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  • Ross Moughtin

When life bounces us up and down


We live in unsettled and unsettling times. We’ve just voted in an election no one was expecting and no one knows whether those elected will even take their seats. This morning Theresa May is our prime minister. This afternoon, who knows? And that’s only politics. The economic basics are changing, changing fast, driven by disruptive technologies. All this is reflected in our culture which is continually pushing out the boundaries of what is considered acceptable. The temptation, of course, is to hanker after a past where we lived predictable and secure lives, an illusion of course. “People wish to be settled,” observed Ralph Waldo Emerson, “only as far as they are unsettled is there any hope for them.” I’m currently working my way through Acts, Luke’s sequel to his gospel. Sadly I’m a few days behind since I left my BRF Guidelines behind in London. Here these first disciples are straining to adapt to an altogether new understanding of Life and How To Live it, following the disruptive resurrection of Jesus. Gone are the old basics – food laws, circumcision and the like - and soon to go is the ultimate basic of the Jewish faith, the temple of Jerusalem. Above all, how to relate to those not of your Jewish faith, the goyim: no way would you have a meal with an Gentile. In my reading today, from Acts 10, the Holy Spirit sets up a meeting between Simon “the Rock” Peter and the Roman centurion Cornelius. In fact, Luke relates this episode no less than three time. Clearly, he’s making a point. The episode culminates with Peter entering Cornelius’ house in the Roman stronghold of Caesarea, Obviously Peter is very uncomfortable; he knows he shouldn’t be there. Somewhat tactlessly he explains this to his host “‘You are well aware that it is against our law for a Jew to associate with or visit a Gentile.” (Acts 10:28). Guidelines explains: “It was Peter who had to be ‘converted’ if he was to be a participant in what God was doing.” For what God was doing was opening the Kingdom of God to everyone, a profoundly unsettling experience for those early Jewish disciples. The writer of these notes is a George Wieland, a New Zealand missiologist with experience of ministry in Brazil. Missiologist? Someone who studies and is trained in the science of missions, a discipline where gospel, culture and the church intersect. From my experience, missiologists tend to be radical because they serve behind enemy lines. They see things differently, not least church life. Anyway, Wieland introduces us to the anthropologist concept of “liminality”, that is the in-between state experienced when one settled mode of existence has been left behind and what will be the new settled state has not yet been entered into. Not a happy place. It speaks of disruption, loss, uncertainty, anxiety. It’s the situation we may be in at the moment, certainly as we see our main political parties disintegrate before our eyes, possibly never to re-form. However, explains Wieland, liminality is “pregnant with new possibilities.” For Peter, discomfort precedes discovery as he witnesses the Holy Spirit falling on his gentile listeners. He exclaims: “I now realise how true it is that God does not show favouritism but accepts from every nation the one who fears him and does what is right.: (Acts 10:34) The Greek text in using the present tense shows a dawning realisation for Perter of what is happening: “I now get it!” Or as in the Message translation, “Peter fairly exploded with his good news!” All this goes to show that Christians should welcome liminal moments, of a world which is changing rapidly. I recall in my own life the disruption directed by the Holy Spirit as I was considering ordination, something – of course – which I was avoiding. It reminded me of the experiment in the school physics lab when we bounced iron filing about on a sheet of paper overlying a magnet. Only then could the magnetic fields be seen. Such disruption though often painful is necessary if the Holy Spirit is to keep us moving in step with his purposes. Not easy. Certainly Peter didn’t learn his own lesson to heart. The apostle Paul later tells us of how some years later Peter retreated to his old ways under pressure. “But when that conservative group came from Jerusalem, Peter cautiously pulled back and put as much distance as he could manage between himself and his non-Jewish friends.” (Galatians 2:12, the Messagetranslation). It is the Holy Spirit who makes all the difference: he gives us poise, a sense of balance, when the ground beneath our feet shifts and shakes. We are comfortable in conditions of uncertainty. God is our refuge and strength, an ever-present help in trouble. Therefore we will not fear, though the earth give way and the mountains fall into the heart of the sea, though its waters roar and foam and the mountains quake with their surging. (Psalm 46:1-3)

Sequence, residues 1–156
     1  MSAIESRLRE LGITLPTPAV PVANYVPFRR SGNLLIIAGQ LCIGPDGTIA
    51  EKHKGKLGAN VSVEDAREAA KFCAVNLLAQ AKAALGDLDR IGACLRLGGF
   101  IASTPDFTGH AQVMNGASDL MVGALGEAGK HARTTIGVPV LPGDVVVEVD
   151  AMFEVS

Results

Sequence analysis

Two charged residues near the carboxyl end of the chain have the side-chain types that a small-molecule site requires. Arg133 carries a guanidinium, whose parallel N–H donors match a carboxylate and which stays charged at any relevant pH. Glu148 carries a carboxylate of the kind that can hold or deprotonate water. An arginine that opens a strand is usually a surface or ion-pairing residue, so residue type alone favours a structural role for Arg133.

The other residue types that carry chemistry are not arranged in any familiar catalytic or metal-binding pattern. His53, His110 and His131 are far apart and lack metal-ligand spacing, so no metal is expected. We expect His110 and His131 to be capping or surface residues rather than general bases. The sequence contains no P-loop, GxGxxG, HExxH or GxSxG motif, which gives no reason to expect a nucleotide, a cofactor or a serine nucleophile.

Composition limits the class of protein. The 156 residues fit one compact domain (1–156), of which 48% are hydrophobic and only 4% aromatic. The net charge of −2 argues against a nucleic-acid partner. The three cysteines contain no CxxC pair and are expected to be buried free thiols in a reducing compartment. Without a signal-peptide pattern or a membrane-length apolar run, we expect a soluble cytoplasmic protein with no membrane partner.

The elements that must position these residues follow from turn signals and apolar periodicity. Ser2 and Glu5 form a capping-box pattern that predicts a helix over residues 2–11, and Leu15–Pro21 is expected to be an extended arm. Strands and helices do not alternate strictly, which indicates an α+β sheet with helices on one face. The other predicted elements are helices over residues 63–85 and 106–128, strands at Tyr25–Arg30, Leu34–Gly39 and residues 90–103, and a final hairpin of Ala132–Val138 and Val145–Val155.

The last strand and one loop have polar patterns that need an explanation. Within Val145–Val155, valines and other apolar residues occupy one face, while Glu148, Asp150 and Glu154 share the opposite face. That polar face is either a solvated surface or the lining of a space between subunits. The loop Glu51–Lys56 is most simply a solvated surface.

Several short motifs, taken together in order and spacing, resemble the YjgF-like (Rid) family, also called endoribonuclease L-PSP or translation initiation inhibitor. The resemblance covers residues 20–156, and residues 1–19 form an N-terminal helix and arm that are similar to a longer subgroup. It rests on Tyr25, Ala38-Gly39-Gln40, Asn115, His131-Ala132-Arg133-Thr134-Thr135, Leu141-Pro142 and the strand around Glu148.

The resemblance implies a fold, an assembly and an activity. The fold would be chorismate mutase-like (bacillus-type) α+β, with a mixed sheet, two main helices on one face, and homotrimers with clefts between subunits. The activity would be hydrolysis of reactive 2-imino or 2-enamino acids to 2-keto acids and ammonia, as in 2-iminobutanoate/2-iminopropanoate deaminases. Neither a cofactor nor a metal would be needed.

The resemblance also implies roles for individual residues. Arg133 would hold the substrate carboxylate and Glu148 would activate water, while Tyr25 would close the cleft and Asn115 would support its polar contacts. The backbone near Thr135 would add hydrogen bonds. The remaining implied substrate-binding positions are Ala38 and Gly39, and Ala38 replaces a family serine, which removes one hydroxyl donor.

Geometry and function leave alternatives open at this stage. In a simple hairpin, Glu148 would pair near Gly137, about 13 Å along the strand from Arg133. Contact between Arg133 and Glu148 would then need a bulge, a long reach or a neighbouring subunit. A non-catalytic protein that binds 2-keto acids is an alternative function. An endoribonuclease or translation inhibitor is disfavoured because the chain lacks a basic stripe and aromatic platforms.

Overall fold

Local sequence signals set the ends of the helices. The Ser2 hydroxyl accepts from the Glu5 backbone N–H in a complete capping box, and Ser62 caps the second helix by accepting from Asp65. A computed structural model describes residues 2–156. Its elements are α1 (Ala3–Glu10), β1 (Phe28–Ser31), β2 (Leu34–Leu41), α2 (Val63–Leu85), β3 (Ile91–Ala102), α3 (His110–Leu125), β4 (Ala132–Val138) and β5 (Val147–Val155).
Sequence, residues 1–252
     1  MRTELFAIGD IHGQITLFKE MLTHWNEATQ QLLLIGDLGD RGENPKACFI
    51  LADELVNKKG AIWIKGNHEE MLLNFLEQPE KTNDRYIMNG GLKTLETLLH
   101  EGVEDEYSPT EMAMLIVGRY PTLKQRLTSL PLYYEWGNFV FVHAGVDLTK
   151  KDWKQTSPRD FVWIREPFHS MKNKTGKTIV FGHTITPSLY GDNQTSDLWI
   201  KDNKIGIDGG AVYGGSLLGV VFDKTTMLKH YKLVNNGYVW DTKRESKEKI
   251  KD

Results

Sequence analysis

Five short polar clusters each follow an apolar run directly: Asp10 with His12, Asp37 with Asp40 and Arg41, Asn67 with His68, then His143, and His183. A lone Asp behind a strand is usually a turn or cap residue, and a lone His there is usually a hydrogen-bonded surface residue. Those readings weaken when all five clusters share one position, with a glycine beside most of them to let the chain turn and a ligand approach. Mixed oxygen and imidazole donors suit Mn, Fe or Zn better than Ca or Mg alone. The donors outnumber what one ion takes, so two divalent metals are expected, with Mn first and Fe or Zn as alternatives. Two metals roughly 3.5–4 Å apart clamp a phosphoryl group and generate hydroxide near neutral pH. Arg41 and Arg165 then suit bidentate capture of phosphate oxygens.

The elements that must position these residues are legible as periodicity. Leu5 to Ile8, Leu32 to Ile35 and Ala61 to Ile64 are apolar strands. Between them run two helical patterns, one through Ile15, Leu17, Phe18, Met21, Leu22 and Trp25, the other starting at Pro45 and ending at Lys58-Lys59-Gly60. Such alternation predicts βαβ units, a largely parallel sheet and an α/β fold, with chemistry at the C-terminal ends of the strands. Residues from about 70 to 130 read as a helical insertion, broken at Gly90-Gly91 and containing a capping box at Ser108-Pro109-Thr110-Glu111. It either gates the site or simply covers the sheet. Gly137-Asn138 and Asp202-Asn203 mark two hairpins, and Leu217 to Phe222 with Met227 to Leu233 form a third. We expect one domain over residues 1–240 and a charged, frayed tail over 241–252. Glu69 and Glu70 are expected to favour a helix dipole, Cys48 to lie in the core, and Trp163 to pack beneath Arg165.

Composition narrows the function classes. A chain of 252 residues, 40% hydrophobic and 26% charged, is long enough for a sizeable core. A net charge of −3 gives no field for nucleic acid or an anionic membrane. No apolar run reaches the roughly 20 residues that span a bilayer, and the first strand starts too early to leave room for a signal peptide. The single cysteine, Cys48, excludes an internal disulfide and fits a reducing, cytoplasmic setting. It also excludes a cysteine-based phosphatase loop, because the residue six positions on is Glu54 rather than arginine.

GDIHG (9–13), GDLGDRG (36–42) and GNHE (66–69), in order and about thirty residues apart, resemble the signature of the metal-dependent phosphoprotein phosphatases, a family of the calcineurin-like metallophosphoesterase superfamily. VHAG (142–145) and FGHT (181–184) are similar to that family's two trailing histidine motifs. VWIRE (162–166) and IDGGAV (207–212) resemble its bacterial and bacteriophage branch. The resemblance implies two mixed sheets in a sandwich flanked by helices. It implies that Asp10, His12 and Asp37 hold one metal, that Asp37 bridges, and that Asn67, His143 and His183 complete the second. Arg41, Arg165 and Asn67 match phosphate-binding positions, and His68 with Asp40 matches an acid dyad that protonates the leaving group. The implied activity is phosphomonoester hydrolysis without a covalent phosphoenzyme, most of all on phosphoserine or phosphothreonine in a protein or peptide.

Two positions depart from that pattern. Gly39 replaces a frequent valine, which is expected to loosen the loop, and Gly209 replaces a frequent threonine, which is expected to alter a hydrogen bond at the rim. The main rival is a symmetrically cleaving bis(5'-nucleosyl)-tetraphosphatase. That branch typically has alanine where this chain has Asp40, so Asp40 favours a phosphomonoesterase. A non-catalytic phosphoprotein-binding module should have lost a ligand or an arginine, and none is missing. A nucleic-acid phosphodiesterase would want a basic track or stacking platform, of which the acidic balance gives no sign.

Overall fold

#security #assurance #HolySpirit

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